Part Ⅰ. Hemorrhagic Shock and Cardiac Catecholamines
It is generally known that vasoconstriction is a prominent feature of the early
stage of hemorrhagic shock in experimental animals, and that this is a protective
mechanism mediated through the sympathetic nervous system to maintain a blood
supply to vital organs. Freeman et al.(1938), however, pointed out that, although
animals with intact sympathetic nervous system were able to compensate more readily
to acute hemorrhage than completely sympathectomized animals, the mortality rate
was greater in intact than in sympathectemized animals if the hemorrhagic
hypotension was prolonged. This concept was supported by many other workers (Gope,
1911; Pillcher et al., 1914; Bayliss, 1923). Furthermore, it has also been shown
that the adrenergic blocking agent such as dibenamine can protect from the lethal
effects of hemorrhagic hypotension (Wiggers et al., 1950;Levy et al., 1954;
Lillehei et al., 1964). These observations lead to the proposal that decrease in
sympathetic nervous system response might be pertinent for a decrease in mortality
following hemorrhagic shock. In contrast to the above reports, Chien and Hitzig
(1960) determined the amount of blood withdrawal which produced death in 50% of
intact and sympathectomized dogs and concluded that the presence of the sympathetic
nervous system increased the tolerance to hemorrhage shock.
Although there is controversial reports concerning the effects of sympathetic
nervous system on hemorrhagic shock, it is obvious that the adrenergic
neurotransmitter, i.e. catecholamines play an important role in the lethal effects
of hemorrhage. In addition, Park(1961) demonstrated that myocardial catecholamines
were significantly reduced during hemorrhagic hypotension. Coleman and
Glaviano(1963) also showed that catecholamines in the heart, spleen, brain, and
liver were markedly decreased during relationship between the endogenous tissue
catecholamines and hemorrhagic shock.
The present experiment, therefore, was designed to explore the role of cardiac
catecholamines in the mortality of hemorrhagic shock.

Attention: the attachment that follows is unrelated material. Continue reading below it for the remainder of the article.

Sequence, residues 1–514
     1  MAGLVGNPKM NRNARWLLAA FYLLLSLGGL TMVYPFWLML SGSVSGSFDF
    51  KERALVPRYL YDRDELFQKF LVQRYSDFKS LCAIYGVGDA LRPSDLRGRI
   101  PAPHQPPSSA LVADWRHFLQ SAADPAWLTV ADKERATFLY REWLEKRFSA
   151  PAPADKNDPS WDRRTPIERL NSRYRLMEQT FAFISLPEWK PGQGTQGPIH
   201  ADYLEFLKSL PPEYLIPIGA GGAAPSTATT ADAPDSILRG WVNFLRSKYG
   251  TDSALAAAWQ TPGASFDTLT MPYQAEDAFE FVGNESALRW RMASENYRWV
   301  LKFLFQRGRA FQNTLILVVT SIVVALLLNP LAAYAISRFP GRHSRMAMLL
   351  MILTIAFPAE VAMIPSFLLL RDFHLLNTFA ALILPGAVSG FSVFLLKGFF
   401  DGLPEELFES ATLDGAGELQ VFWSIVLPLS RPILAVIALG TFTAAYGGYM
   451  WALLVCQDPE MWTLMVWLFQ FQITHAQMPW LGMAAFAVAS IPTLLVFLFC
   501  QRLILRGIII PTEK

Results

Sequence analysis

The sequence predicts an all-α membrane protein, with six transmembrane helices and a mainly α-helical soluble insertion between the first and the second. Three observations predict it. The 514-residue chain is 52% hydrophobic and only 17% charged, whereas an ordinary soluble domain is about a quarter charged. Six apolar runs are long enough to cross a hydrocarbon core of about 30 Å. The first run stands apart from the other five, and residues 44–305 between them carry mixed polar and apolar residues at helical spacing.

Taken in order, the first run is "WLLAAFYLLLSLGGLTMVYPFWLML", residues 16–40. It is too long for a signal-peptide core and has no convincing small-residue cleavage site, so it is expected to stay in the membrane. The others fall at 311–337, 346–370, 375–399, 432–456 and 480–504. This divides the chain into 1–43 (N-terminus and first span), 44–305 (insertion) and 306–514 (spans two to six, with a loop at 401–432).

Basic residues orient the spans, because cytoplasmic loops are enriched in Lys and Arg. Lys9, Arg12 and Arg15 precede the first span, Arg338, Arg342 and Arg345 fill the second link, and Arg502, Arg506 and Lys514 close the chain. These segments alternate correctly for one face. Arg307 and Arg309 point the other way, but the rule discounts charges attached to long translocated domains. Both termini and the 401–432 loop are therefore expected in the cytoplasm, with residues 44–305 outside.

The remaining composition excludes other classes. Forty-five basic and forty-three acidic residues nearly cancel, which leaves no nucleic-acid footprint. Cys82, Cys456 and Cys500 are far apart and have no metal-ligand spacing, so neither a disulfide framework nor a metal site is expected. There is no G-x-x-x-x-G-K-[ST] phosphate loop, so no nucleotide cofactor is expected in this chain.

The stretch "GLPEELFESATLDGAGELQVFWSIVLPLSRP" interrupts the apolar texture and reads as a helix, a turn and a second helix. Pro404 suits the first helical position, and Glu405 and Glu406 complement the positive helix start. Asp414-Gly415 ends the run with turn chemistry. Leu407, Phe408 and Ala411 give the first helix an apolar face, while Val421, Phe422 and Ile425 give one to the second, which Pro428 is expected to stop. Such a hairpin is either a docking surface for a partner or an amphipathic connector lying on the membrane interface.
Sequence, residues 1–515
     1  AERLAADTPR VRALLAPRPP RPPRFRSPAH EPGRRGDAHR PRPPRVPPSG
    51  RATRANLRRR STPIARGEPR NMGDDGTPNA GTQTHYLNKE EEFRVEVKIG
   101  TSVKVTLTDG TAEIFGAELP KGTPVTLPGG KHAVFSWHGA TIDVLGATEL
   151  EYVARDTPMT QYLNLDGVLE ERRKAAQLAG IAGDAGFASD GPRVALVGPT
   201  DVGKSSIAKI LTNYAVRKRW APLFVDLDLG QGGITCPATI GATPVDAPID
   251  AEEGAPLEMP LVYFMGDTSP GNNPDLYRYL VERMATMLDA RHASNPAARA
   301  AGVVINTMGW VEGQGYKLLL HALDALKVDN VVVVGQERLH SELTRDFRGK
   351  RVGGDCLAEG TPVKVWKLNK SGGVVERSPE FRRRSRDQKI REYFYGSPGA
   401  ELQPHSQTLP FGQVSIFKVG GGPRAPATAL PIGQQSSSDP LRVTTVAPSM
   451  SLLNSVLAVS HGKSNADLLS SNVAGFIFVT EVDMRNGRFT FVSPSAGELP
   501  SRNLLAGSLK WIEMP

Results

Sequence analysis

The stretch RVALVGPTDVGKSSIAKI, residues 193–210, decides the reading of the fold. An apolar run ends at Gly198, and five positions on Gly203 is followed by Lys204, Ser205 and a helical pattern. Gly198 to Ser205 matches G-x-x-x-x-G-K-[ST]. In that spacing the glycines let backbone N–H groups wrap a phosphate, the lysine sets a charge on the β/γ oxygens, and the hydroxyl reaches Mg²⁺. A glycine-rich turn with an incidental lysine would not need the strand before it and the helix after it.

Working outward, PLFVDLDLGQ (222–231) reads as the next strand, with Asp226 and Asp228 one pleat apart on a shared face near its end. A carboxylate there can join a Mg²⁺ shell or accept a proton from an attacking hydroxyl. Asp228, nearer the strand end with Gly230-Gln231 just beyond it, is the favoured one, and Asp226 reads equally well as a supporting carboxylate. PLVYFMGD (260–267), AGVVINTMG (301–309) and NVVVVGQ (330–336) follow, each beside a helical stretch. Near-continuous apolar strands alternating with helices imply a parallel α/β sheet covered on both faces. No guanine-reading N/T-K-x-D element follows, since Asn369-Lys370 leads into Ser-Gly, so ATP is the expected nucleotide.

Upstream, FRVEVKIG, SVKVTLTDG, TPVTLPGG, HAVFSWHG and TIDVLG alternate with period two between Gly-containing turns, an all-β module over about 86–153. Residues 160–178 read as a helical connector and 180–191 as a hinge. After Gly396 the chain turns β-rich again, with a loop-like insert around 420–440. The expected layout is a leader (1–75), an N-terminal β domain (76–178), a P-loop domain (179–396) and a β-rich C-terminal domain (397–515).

Healthy albino male rabbits, weighing approximately 2.0kg, were anesthetized with
urethane (0.4g/kg) given intravenously. A carotid artery was exposed and was
directly connected to a mercury manometer for continuous recording of changes in
arterial blood pressure on smoked drum. The other carotid artery was also exposed
in order to withdraw blood. Endotracheal intubation was employed so that a free
air-way maintained at all times and heparin (3.0-5.0mg/kg) was injected
intravenously to prevent blood coagulation.
Initial 10.0ml of blood per kg of animal weight was rapidly withdrawn and
thereafter 2.0ml/kg of blood was withdrawn at an interval of 10 minutes until the
1. Following the initial bleeding of 10.0ml/kg in normal rabbits, the mean
arterial pressure was rapidly dropped to 60mmHg from 110mmHg. Thereafter, the blood
pressure was gradually reduced until death. The average survival time and total
bleeding volume for these animals were 84 minutes and 28.0ml/kg, respectively.
Examination of the cardiac catecholamines soon after death revealed average
1.18μg/g, which is significantly smaller than that of normal(1.68μg/kg).
2. The injection of norepinephrine (2.0mg/kg) markedly elevated the concentration
of myocardial catecholamines in rabbits. At the end of one hour after injection of
norepinephrine, the animals were subjected to hemorrhagic shock by the procedure
described previously. The average survival time for these animals was 62minutes,
indicating that pretreatment of norepinephrine hasten the death due to hemorrhagic
shock. The average bleeding volume was 18.0ml/kg and the cardiac catecholamine
concentration was 1.21μg/g which is not significantly different from the control
3. The intraperitoneal injection of reserpine (3.0mg/kg) depletes almost
completely the cardiac catecholamines of rabbits within 24 hours. At the end of 24
hours after the injection of reserpine, the animals were subjected to hemorrhagic
shock. The total bleeding volume taken until death was 30.0ml/kg. The average
survival time for those rabbits was 101 minutes which is significantly longer than
that observed in control animals.